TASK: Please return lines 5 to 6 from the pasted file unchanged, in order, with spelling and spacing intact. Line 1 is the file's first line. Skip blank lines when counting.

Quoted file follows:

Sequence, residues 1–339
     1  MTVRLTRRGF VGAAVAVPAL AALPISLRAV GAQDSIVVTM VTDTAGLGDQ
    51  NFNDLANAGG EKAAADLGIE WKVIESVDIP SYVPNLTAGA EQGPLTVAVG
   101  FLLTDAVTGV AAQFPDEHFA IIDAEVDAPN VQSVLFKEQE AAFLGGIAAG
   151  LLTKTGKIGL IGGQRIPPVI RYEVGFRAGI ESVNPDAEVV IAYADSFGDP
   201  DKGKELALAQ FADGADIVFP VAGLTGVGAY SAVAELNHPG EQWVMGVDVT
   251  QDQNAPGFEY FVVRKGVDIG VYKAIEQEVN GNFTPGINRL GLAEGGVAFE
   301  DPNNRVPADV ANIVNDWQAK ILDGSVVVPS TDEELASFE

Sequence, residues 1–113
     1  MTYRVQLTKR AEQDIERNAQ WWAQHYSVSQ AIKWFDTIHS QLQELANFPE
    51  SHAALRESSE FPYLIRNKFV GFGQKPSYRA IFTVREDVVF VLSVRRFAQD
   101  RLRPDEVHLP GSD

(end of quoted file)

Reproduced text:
   151  LLTKTGKIGL IGGQRIPPVI RYEVGFRAGI ESVNPDAEVV IAYADSFGDP
   201  DKGKELALAQ FADGADIVFP VAGLTGVGAY SAVAELNHPG EQWVMGVDVT